“Throw your dreams into space like a kite, and you do not know what it will bring back, a new life, a new friend, a new love, a new country.” — Anaïs Nin
Despite traveling the world for several years — and even visiting other corners of Central and South America — one country that was never really on my radar was Uruguay.
But that all changed in the spring of 2016. While I was on an artists’ retreat in Norway, my path crossed with that of a Uruguayan architect named José, who was also on an extended journey through Scandinavia at the time.
During our first encounter, while José told me about life in his hometown — Uruguay’s capital city of Montevideo — I had no idea we would begin dating in a few weeks’ time. Even more unexpected, though, I could never have imagined that just five months after meeting José, I would move to Uruguay and begin calling Montevideo home as well.
It’s now been nearly two years since I moved to Uruguay, and this previously unfamiliar little country, tucked away between Brazil and Argentina on the Atlantic Coast of South America, has taken on quite a bit of significance for me.
I’ve gotten to know its tranquil beaches and hidden beauty, its hill regions and historic towns, and I hope the sketches and photos I’ve shared here might make Uruguay a little more visible on yourradar, too.
Colonia del Sacramento
One of the easiest ways to get to Uruguay is from Buenos Aires, where a three-hour ferry ride will deliver you right to Montevideo’s doorstep. But an even faster route is a one-hour ferry journey from Buenos Aires to Colonia del Sacramento — one of the oldest towns in Uruguay and home to one of the country’s two UNESCO World Heritage sites.
Founded in 1680, the historic heart of Colonia is still beautifully intact. Footsteps still echo down winding cobblestoned streets, and flowering bougainvillea vines hang lazily over the walls and doorways of colorful colonial homes.
For me, arriving in Colonia always feels like stepping back in time — and because of this, it also feels like the kind of place where time slows down. Colonia is a place for exploring without a map, soaking in the sunset over glasses of sangria, and catching glimpses of troupes of drummers with their tambores— or candombe drums — as they fill the streets with their mesmerizing rhythms and songs.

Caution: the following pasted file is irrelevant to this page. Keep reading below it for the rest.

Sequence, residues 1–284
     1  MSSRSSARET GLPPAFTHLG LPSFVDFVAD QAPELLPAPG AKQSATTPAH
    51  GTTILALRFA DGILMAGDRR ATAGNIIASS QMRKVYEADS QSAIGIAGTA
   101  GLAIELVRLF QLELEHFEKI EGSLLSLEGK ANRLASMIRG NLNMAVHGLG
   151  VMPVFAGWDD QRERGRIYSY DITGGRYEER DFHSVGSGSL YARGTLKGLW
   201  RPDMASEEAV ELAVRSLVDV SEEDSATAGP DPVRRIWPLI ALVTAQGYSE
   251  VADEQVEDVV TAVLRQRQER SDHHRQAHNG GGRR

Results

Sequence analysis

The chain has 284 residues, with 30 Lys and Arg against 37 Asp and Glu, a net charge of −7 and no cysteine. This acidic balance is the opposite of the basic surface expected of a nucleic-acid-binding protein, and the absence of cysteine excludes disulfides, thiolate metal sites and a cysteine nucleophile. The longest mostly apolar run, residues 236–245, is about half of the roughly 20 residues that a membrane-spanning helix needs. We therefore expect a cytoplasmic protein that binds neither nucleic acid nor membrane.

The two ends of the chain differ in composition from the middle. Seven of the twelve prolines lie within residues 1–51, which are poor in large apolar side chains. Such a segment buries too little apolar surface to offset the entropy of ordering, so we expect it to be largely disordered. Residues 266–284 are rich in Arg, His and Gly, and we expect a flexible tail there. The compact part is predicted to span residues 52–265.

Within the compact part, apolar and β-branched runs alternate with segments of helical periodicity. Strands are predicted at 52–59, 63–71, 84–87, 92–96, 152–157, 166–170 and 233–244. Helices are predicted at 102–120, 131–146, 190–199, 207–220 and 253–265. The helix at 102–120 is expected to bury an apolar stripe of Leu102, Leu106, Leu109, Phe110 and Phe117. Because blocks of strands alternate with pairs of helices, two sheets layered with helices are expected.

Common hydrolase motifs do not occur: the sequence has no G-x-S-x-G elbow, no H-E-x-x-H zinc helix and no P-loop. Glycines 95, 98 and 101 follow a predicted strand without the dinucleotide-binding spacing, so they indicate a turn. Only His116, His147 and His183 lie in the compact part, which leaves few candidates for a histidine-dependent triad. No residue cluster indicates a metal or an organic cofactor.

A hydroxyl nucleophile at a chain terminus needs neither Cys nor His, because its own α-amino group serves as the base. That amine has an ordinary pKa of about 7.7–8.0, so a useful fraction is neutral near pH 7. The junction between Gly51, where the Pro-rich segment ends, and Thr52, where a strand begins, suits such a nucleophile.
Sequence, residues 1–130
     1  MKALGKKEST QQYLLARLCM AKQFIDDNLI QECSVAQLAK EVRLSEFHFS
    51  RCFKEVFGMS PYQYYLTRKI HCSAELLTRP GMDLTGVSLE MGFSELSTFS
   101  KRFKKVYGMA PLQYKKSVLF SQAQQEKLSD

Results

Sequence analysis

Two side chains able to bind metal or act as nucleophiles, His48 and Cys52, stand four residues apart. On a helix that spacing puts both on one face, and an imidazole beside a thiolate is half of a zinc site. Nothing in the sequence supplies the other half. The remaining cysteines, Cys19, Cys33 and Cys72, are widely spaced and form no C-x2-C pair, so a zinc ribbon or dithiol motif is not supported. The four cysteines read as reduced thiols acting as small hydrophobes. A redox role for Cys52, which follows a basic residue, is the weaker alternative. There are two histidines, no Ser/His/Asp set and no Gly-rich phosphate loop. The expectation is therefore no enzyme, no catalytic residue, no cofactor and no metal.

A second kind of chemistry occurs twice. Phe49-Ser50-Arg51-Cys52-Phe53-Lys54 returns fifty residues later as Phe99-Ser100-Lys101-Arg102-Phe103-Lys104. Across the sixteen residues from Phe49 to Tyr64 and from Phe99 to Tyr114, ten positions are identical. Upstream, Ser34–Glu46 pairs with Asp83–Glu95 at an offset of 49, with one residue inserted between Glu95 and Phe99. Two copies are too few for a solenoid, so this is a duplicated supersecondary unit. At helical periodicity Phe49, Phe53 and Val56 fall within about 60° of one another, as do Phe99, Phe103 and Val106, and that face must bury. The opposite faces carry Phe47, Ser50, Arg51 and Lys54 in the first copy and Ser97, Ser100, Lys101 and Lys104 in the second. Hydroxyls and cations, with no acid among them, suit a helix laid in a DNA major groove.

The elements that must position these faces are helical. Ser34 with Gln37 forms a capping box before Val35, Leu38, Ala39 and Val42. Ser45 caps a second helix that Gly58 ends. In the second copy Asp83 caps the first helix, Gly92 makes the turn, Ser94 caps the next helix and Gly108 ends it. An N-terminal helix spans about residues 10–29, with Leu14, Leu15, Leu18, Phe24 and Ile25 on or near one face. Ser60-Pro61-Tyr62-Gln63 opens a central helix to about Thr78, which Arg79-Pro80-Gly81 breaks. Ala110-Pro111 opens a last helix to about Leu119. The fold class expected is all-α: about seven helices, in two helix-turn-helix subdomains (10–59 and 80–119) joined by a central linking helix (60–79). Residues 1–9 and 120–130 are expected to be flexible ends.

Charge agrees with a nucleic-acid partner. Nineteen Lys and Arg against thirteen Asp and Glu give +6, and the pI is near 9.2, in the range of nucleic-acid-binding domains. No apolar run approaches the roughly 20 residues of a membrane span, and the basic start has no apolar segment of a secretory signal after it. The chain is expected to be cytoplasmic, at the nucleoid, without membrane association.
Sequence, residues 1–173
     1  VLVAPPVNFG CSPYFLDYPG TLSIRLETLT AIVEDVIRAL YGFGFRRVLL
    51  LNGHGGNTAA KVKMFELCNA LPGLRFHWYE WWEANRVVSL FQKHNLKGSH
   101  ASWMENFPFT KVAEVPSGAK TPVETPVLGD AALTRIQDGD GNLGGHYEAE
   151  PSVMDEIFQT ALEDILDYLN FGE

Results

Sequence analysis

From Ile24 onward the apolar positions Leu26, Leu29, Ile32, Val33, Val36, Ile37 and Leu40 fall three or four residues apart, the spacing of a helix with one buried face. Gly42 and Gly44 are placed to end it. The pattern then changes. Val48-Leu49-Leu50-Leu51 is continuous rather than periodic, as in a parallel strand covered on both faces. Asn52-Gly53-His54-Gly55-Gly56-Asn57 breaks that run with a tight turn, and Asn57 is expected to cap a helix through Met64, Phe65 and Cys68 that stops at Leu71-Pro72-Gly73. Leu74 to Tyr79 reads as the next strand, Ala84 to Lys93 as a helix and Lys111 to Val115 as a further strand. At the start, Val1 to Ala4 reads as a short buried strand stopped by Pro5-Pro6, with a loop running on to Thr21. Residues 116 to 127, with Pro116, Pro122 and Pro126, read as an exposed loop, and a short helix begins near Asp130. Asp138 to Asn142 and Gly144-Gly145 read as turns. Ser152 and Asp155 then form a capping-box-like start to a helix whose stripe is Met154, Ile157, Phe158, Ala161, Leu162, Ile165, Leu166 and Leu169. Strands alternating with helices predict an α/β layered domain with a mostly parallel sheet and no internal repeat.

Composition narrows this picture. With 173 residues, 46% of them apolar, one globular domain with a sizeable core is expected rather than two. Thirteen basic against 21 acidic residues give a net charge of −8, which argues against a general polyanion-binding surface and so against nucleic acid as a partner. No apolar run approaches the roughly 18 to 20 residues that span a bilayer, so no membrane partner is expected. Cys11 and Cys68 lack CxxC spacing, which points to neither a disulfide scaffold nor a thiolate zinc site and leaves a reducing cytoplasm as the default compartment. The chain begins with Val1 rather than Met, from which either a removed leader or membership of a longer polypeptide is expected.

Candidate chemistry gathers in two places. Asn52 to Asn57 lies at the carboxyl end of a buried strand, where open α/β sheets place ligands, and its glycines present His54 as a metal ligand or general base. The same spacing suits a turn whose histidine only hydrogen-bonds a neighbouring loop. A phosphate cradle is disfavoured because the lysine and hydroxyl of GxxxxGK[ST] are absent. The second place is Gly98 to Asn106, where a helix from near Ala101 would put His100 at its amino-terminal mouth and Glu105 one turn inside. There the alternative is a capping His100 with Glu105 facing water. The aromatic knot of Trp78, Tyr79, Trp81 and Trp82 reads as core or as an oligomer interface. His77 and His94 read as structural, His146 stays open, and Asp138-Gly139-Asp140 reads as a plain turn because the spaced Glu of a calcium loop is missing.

From Colonia, my favorite place to head in Uruguay is past Montevideo, past the beach resort town of Punta del Este, to the far eastern coastline of the country — where the Rio de la Plata officially becomes the Atlantic Ocean and time yet again slows down.
Uruguay’s famed coast always makes me think of the beaches I grew up going to along the Outer Banks of North Carolina. The sandy shoreline is vast and open, bordered with softly rolling dunes and wispy pampas grass. Leisurely lunches — perhaps at one of our favorite restaurants El Chancho y La Coneja in La Barra — are a necessity.
But while I knew to expect gorgeous beaches and coastline before arriving in Uruguay, one of the most unexpected discoveries my time here has held is the countryside.
Uruguay is not a tall country — its highest point is the Cerro Catedral, whose summit measures just 1,685 feet (or a little over 500 meters). This means that in place of soaring mountainscapes, what you get here instead are more properly identified as “hill ranges.”
And in between these verdant hills you get the countryside, where horses graze and roam across sweeping fields and breakfast always comes with a view. Once, we stayed at a beautiful boutique hotel and horse farm called, surrounded by layered hills on the horizon (perfectly enough, the nearest town is even called Edén).
One of my most unusual discoveries in Uruguay happened not along the coastline or in the countryside, but at a small chapel about an hour’s drive from Montevideo. Known as the Capilla de Susanna Soca, José read about the chapel in an architecture magazine and suggested we go there one weekend afternoon.
The story behind it was amazing to learn about: Susanna Soca was a poet who began the chapel’s construction in the 1950s in honor of her late father, a renowned doctor and politician. When Susanna sadly died in a plane crash in Brazil, her mother carried on finishing the chapel, which would now be in honor of both her husband and daughter.
Even more amazing was the chapel’s construction. All of its walls and windows were triangular, and the windows were made of triangular-shaped pieces of stained glass, in repeating hues of purple, gold, and orange. It was unlike any building I had ever seen.
This chapel will always be my favorite discovery in Uruguay, as it reminds me of the beauty and wonder that await us when we open ourselves to the world — and it reminds me of how a country that was once far from my radar is now the very place I call home.